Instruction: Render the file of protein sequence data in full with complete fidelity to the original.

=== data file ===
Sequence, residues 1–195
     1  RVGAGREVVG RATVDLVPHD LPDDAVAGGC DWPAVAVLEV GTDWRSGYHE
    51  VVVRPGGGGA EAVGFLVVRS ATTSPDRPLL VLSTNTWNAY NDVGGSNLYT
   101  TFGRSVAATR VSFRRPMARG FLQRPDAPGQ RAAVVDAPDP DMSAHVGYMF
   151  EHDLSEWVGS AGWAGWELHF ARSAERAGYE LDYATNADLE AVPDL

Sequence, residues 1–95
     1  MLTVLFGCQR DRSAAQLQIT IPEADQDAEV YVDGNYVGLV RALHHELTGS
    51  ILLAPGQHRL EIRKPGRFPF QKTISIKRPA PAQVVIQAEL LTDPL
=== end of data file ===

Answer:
Sequence, residues 1–195
     1  RVGAGREVVG RATVDLVPHD LPDDAVAGGC DWPAVAVLEV GTDWRSGYHE
    51  VVVRPGGGGA EAVGFLVVRS ATTSPDRPLL VLSTNTWNAY NDVGGSNLYT
   101  TFGRSVAATR VSFRRPMARG FLQRPDAPGQ RAAVVDAPDP DMSAHVGYMF
   151  EHDLSEWVGS AGWAGWELHF ARSAERAGYE LDYATNADLE AVPDL

Sequence, residues 1–95
     1  MLTVLFGCQR DRSAAQLQIT IPEADQDAEV YVDGNYVGLV RALHHELTGS
    51  ILLAPGQHRL EIRKPGRFPF QKTISIKRPA PAQVVIQAEL LTDPL